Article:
Former US national goalkeeper Hope Solo was arrested in a North Carolina parking lot for alleged impaired driving while she was with her children, officials said Friday.
Winston-Salem police officers apprehended Solo, who also goes by her married name Stevens, on Thursday in a Walmart parking lot and booked her on suspicion of impaired driving, resisting arrest and misdemeanor child abuse, authorities said.
She was booked into a local jail and then released.
“Ms. Stevens had her two children in the vehicle with her at the time of this offense,” according to a police statement. “Based on the impending prosecution, no further information will be released regarding this arrest.”
Solo, on her verified Instagram, posted a statement from attorney Rich Nichols who suggested there are mitigating circumstances in this arrest.
“On the advice of counsel, Hope can’t speak about this situation,” according to Nichols, “but she wants everyone to know that her kids are her life, that she was released immediately and is now at home with her family, that the story is more sympathetic than the initial charges suggest, and that she looks forward to her opportunity to defend these charges.”
Solo is one of the nation’s most decorated soccer players, having led Team USA to Olympic gold medals in the 2012 and 2008 and the World Cup championship in 2015.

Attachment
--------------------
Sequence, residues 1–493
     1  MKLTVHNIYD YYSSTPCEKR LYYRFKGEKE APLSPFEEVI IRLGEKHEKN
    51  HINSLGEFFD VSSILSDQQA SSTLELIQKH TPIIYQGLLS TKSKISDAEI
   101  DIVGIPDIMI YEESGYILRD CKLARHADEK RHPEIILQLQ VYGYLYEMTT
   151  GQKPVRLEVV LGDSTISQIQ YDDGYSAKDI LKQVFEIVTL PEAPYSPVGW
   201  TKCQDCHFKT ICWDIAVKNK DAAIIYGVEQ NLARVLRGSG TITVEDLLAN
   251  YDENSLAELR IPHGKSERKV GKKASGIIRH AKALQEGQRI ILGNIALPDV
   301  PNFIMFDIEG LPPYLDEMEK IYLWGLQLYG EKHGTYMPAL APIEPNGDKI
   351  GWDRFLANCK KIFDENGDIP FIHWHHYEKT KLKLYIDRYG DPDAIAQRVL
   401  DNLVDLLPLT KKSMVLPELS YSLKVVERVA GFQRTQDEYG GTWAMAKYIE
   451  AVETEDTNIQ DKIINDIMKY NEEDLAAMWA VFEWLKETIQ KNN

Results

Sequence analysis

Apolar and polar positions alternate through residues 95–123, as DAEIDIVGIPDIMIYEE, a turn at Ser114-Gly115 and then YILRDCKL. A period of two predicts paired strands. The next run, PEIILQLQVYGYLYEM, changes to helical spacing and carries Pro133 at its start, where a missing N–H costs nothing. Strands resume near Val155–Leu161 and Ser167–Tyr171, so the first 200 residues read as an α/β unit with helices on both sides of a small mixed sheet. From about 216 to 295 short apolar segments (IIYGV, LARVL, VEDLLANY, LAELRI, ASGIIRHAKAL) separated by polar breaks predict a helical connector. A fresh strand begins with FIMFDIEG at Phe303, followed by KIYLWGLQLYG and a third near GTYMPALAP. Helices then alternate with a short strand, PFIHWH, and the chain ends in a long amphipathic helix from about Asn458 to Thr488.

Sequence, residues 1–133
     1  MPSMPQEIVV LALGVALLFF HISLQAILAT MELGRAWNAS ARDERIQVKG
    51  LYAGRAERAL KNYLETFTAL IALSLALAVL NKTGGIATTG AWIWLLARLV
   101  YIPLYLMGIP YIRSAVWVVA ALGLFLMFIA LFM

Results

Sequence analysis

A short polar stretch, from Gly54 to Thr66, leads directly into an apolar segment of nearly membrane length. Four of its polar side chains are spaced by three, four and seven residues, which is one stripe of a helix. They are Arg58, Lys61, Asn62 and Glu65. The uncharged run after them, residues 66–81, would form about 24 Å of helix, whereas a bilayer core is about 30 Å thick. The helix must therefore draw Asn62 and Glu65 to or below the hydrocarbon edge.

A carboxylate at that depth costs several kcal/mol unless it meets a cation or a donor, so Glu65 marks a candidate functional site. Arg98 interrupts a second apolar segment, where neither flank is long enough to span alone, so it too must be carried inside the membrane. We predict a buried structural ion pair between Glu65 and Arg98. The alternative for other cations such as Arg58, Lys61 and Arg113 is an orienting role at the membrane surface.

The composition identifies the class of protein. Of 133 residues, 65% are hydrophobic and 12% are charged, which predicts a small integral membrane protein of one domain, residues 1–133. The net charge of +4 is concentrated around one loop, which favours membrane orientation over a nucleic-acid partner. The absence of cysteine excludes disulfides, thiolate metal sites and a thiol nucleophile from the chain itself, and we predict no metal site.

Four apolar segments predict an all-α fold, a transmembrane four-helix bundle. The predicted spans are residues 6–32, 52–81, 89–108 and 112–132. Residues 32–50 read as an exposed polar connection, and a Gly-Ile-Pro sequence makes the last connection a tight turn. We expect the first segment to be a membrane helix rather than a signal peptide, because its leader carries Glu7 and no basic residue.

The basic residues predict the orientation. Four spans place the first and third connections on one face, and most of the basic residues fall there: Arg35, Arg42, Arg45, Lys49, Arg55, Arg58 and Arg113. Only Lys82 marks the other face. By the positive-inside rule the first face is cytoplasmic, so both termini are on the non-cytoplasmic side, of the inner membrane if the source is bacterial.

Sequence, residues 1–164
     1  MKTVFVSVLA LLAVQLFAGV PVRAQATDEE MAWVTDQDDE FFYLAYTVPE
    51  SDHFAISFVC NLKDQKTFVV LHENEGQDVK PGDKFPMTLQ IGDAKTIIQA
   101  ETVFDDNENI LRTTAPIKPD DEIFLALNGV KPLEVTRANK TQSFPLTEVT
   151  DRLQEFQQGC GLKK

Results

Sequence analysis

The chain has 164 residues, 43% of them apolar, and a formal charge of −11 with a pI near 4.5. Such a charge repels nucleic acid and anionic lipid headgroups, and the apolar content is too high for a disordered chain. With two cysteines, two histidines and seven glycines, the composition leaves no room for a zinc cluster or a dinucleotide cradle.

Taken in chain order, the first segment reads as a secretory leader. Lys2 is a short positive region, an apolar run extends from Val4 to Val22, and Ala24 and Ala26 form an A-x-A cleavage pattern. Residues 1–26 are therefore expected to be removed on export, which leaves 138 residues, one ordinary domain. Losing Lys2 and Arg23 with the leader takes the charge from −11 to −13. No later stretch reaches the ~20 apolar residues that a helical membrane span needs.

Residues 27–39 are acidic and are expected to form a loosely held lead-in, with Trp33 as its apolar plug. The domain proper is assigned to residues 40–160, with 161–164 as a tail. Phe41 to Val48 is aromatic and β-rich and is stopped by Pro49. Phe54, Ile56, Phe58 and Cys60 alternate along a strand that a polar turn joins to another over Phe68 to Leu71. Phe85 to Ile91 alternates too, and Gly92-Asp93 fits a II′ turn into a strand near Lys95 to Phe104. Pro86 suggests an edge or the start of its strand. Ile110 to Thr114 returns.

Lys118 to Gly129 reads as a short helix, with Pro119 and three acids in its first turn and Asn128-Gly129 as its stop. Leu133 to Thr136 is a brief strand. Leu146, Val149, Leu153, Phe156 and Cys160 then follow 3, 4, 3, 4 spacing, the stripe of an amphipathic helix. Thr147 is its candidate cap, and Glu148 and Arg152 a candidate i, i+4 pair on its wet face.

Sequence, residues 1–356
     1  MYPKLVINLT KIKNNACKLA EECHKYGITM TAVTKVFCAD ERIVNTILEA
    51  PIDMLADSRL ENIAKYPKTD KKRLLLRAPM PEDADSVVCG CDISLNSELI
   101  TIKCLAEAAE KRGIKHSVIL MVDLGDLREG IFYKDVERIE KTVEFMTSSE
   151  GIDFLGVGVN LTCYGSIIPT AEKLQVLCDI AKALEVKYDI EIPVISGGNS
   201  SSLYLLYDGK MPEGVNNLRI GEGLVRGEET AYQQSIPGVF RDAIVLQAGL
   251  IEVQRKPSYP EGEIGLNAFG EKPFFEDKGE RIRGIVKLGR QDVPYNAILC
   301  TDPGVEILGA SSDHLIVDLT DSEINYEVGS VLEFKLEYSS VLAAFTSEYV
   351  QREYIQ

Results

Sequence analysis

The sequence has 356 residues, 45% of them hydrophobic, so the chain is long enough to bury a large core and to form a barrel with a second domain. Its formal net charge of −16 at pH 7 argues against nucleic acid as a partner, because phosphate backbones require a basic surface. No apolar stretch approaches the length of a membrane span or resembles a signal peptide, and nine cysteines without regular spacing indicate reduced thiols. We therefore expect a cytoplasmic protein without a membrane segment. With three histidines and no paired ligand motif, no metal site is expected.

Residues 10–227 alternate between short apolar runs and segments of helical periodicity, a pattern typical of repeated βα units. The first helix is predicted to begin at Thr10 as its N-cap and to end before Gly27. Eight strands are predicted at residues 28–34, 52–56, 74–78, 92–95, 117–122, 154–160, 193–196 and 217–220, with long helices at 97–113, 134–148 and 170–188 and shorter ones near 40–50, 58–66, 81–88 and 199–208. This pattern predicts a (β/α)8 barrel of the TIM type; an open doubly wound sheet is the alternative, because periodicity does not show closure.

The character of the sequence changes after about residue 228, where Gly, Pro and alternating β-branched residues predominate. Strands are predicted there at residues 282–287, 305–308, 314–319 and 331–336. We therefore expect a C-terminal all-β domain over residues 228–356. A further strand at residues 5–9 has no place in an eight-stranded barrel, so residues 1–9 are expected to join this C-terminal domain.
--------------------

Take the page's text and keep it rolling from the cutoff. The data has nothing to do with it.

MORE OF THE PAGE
But her off-the-pitch behavior has drawn nearly as much attention as her stellar play between the sticks.
She was America’s starting keeper for the 2007 World Cup but was passed over for the starting lineup in the semifinal match against Brazil, in favor of veteran Briana Scurry. After Brazil’s 4-0 victory, Solo unloaded on then-coach Greg Ryan, leading to Solo’s banishment from the team prior to that tournament’s third-place game.
After Sweden knocked out the Americans in penalties during the quarterfinals of the 2016 Rio games, Solo blasted the Swedes as “a bunch of cowards” for allegedly playing a hyper-defensive game to force a shootout. That outburst led to a lengthy suspension by the nation’s governing soccer body.